- The dollar index this morning is up +0.25 points (+0.30%) as safe-haven buying continues. EUR/USD is down 0.0036 (-0.29%) and USD/JPY is down 0.12 (-0.15%). The dollar index on Thursday closed slightly higher after edging to a new 1-2/3 year high: Dollar Index +0.03 (+0.03%), EUR/USD -0.0002 (-0.02%), USD/JPY -0.95 (-0.50%). EUR/USD fell to a new 2-year low on continued capital flight out of Europe. USD/JPY fell sharply by 0.95 cents to a new 3-1/2 month low as Japanese investors pulled capital back home to flee global volatility and as non-Japanese investors invested in Japan as a safe-haven. Japanese officials are not happy about the strength in the yen and are implicitly threatening forex intervention.
- July WTI crude oil prices this morning are sharply lower by 1.64 (-1.90%) on the rally in the dollar and general commodity market weakness tied to the weak Chinese manufacturing PMI report. July gasoline this morning is sharply lower by -4.52 (-1.66%). Bloomberg reported today that OPEC production in May rose by 20,000 bpd to 31.595 million bpd, the highest level since 2008. Meanwhile, Saudi production rose by 80,000 bpd to 9.9 million bpd, the highest level since January 1989.
- July crude oil and gasoline prices on Thursday closed sharply lower: CLN2 -1.29 (-1.47%), RBN2 -0.0512 (-1.85%). Bearish factors for crude oil prices included (1) the raft of weak U.S. economic data, (2) news that India's Q1 GDP eased to a 9-year low of +5.3% y/y, which was weaker than market expectations of +6.1% y/y and down from Q4's report of +6.1% y/y. (3) ongoing worries about the fall-out from the European debt crisis, and (4) the continued climb in U.S. crude oil inventories to a new 2-year high. Thursday's weekly DOE report showed a 2.213 million barrel (+0.6%) rise in U.S. crude oil inventories to a new 22-year high. Crude oil inventories are now 9.5% above their 5-year seasonal average, the highest such level since December 2010. Meanwhile the DOE report was bullish for the products with a 833,000 barrel decline in gasoline inventories (versus expectations of 250,000 barrel decline) and a 1.709 million barrel drop in distillate inventories (versus expectations of unchanged). Gasoline inventories are now 3.7% below their 5-year seasonal average and distillate inventories are 12.3% below average. The refinery utilization rate rose by 1 point to 89.1% where it is 1.5 points above its 5-year seasonal average.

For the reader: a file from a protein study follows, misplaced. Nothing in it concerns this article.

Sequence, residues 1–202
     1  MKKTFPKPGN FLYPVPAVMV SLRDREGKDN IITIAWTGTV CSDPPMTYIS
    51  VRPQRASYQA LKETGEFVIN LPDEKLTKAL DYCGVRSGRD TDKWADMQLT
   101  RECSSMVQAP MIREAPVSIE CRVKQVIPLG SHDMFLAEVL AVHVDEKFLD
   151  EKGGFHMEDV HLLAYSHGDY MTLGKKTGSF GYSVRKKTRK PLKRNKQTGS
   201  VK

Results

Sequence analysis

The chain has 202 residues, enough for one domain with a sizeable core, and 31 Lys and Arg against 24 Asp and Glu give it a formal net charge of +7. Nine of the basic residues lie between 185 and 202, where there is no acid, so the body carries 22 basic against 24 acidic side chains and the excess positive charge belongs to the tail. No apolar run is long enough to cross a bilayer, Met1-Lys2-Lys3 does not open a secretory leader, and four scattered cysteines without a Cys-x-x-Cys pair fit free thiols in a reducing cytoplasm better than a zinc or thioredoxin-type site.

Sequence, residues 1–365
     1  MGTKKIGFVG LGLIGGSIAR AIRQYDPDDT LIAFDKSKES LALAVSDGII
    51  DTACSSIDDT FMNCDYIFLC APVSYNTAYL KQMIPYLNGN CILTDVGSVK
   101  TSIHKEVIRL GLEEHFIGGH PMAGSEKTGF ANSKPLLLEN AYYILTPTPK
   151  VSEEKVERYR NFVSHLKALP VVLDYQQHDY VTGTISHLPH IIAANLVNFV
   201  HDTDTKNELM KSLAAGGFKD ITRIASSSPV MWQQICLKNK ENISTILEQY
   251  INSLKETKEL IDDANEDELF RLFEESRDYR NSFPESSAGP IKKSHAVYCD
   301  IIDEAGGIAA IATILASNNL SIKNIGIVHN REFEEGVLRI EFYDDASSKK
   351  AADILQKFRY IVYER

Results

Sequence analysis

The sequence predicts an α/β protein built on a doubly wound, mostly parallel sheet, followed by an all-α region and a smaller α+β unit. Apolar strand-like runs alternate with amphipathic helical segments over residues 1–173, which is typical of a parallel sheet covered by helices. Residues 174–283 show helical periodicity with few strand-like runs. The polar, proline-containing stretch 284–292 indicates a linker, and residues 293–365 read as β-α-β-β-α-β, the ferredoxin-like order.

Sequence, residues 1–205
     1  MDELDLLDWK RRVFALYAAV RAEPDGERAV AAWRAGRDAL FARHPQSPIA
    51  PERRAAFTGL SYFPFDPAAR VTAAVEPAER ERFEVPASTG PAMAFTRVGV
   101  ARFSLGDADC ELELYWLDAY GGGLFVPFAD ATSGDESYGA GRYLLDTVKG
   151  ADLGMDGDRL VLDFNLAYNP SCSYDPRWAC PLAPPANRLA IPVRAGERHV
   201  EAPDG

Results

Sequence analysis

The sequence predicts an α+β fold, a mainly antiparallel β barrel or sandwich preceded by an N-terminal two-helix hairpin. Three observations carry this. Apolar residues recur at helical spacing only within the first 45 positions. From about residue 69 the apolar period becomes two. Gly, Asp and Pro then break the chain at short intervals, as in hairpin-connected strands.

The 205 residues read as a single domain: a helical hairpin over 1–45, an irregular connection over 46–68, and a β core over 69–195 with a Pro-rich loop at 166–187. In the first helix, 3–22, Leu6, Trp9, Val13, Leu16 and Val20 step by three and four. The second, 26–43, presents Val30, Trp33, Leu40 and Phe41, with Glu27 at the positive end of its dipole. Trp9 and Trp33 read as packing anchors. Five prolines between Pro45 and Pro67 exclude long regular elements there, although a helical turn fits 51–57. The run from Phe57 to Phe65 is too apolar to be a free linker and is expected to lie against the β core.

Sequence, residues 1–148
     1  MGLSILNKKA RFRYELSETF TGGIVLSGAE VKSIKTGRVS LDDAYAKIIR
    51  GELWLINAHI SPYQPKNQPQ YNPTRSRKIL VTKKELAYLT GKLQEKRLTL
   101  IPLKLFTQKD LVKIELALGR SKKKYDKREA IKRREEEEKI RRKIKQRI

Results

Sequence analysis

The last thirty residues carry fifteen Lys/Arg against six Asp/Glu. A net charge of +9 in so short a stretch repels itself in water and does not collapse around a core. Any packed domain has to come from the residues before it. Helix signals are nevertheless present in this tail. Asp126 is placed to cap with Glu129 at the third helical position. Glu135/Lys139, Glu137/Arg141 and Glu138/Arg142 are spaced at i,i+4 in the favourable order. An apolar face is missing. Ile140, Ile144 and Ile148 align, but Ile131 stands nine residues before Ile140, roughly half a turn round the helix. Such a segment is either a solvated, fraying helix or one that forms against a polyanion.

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Earnings reports (sorted by mkt cap): GAME-Shanda Games (consensus $0.20), CHRS-Charming Shoppes (0.19).
Global Financial Calendar
Friday 6/1/12 United States 0830 ET May non-farm payrolls expected +150,000, Apr +115,000. May private payrolls expected +160,000, Apr +130,000. May manufacturing payrolls expected +16,000, Apr +16,000. May average hourly earnings expected +0.2% m/m, Apr unch m/m and +1.8% y/y. May average weekly hours expected unch at 34.5 hours. May unemployment rate expected unch at 8.1%, Apr -0.1 to 8.1%. 0830 ET Apr personal income expected +0.3% m/m, Mar +0.4% m/m. Apr personal spending expected +0.3% m/m, Mar +0.3% m/m. Apr PCE deflator expected +0.1% m/m and +1.9% y/y, Mar +2.1% y/y. Apr core PCE deflator expected +0.2% m/m and +2.0% y/y, Mar +0.2% m/m and +2.0% y/y. 1000 ET Apr construction spending expected +0.4%, Mar +0.1%. 1000 ET May ISM manufacturing index expected -1.0 to 53.8, Apr +1.4 to 54.8. May ISM prices paid sub-index expected -4.5 to 56.5, Apr unch at 61.0. 1700 ET May U.S. total vehicle sales expected 11.46 mln, May 14.38 mln. May domestic vehicle sales expected 11.20 mln, Apr 11.12 mln. Japan 0100 ET Japan May vehicle sales, Apr 92.0% y/y. Euro-Zone 0400 ET Eurozone May final manufacturing PMI expected unrevised at 45.0. 0500 ET Eurozone Apr unemployment rate expected +0.1 to 11.0%, Mar 10.9%. Germany 0355 ET German May final manufacturing PMI expected unrevised at 45.0. United Kingdom 0430 ET UK May manufacturing PMI expected -0.8 to 49.7, Apr 50.5.